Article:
The Real Story Behind The National Enquirer's John Edwards Scandal Scoop

John Edwards

The National Enquirer, a supermarket tabloid that has reported on aliens, plastic surgeries and celebrity cellulite thighs, is in the running for the Pulitzer Prize after breaking the news on John Edwards affair with Rielle Hunter.

He is about to be indicted by a federal grand jury for using campaign funds to help hide his trysts with the ex-mistress.

Enquirer executive editor Barry Levin said he wants to open up a Washington, D.C. bureau and unfold more political sandals. It’s good business for his publication, which will draw in plenty of new readers, but it’s also good journalism, according to Levin. “It still shows the reader that wealthy people, rich people, people who they may admire — when you take away the money, have the same types of problems that they have in real life,” he told the New York Times.

But digging into John Edwards was an expensive task for the Enquirer, which paid for information from sources, signed off expense reports and rented a cottage to stake out Rielle’s whereabouts.

The Times takes a look into the Enquirer’s secret sauce. How did they break the political career-crushing story?

Here’s how it all went down:

  • They got a call on their LA tip line that Rielle was spilling about her affair with the presidential candidate back in late September 2007.
  • Gabriel Sherman’s piece in The New Republic has a detailed account of that first call: “In September 2007, Rick Egusquiza, a bartender turned Hollywood reporter who joined the Enquirer in 2000, was sitting at his desk in the paper’s Los Angeles bureau when he answered the tip line. (“I’m a nice guy, so people tell me things,” Egusquiza says.) The anonymous source told him that Edwards was having an affair with Hunter. “I was like, ‘Whoa, this is great,'” he recalled. “Not like this is great, but you know, like this is something I want to check out.” The piece was assigned the next day, and Barry Levine, the Enquirer’s executive editor based in New York, directed the coverage that grew to include nearly a dozen reporters. “We saw some of the videos. It was clear back then, the flirtation was going on. Edwards was like a blushing kid to her,” Egusquiza says.”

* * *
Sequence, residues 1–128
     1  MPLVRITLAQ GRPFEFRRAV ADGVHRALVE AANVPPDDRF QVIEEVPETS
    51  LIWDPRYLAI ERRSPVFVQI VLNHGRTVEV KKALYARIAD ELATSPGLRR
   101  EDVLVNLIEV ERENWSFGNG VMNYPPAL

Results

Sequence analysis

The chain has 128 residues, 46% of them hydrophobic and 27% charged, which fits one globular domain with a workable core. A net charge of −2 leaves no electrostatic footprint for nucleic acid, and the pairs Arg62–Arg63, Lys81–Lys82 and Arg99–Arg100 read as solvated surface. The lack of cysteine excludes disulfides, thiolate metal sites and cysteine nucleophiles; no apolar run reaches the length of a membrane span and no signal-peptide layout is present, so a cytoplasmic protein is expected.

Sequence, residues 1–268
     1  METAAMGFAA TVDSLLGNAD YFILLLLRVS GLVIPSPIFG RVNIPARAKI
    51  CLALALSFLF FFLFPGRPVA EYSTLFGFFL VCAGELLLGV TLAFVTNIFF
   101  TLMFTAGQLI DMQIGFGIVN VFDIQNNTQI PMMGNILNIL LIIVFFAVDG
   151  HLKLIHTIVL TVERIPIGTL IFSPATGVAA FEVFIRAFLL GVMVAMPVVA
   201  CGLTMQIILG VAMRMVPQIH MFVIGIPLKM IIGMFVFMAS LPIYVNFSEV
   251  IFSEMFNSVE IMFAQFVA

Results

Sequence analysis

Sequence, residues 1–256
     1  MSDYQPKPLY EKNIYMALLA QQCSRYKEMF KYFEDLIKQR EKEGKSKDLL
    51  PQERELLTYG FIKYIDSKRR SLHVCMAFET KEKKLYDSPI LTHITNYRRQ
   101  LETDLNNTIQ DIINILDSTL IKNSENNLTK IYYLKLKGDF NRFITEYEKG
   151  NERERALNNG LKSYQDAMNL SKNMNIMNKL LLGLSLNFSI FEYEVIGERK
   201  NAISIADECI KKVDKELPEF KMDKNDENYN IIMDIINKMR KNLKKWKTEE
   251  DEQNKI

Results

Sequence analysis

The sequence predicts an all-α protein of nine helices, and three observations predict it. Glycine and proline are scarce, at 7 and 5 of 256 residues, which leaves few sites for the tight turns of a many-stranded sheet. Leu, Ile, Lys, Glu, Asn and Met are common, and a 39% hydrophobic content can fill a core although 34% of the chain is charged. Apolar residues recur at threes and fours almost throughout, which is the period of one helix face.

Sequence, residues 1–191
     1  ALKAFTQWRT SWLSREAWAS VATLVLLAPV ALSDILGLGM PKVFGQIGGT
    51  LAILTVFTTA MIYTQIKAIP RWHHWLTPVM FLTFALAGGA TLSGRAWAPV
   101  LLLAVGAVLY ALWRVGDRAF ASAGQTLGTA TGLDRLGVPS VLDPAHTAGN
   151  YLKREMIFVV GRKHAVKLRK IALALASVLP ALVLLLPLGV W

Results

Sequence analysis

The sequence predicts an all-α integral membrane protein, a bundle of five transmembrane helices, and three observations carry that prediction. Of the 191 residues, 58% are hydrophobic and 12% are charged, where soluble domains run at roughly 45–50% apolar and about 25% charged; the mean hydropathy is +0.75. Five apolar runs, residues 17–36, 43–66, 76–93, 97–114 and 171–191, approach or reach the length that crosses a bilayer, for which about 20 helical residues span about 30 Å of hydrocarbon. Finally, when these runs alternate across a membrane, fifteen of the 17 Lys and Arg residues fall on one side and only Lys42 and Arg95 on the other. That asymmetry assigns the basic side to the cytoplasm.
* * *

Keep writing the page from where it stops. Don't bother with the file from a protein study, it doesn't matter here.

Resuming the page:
• In the Oct. 22, 2007 issue, David Perel printed an piece about Edwards’s secret affair, but the woman was not named in the piece.
  • Bloggers sniffed out the woman was Rielle Hunter, a campaign videographer.
  • More tips poured in, including one that Rielle was pregnant. The Enquirer rented a cottage in a gated community in North Carolina, where they heard she was staying in a gated community. That way they could get pictures of her without getting gruff from guards.
  • Reporters looked up local obstetricians and staked out two or three locations for more than two weeks.
  • They finally saw Rielle heading in for an appointment and snapped photos.
  • They rolled out their big “John Edwards Love Child Scandal” scoop in the Dec. 31 issue under seven reporters’ bylines.
  • On July 22, The Enquirer published another article noting that Edwards “was caught visiting his mistress and secret love child.” Photos were posted in its Aug. 18 issue that showed him playing with the baby at a hotel.
  • Boom! The story exploded across the mainstream media.
  • On Aug. 8, Edwards appeared on “Nightline” and sent out a statement explaining himself, although he would not admit he was the father of the baby until months later.

Now the Enquirer is in the running for the Pulitzer. Some critics will say they don’t deserve the prize, since they posted articles from anonymous sources and paid some tipsters for information. But other admired journalists, like the New Yorker’s Pulitzer Prize winning reporter Seymour Hersh, have used anonymous sources, although not without criticism.

It comes down to whether the Enquirer fulfilled a journalistic mission–and they did. They dug up the truth about a politician who was deceiving his constituents. They combined hard-nosed shoeleather reporting with unconventional (to traditional media) reporting tactics. The Pulitzer board should hand them a prize, unless they are too snobby to give credit where credit is due.

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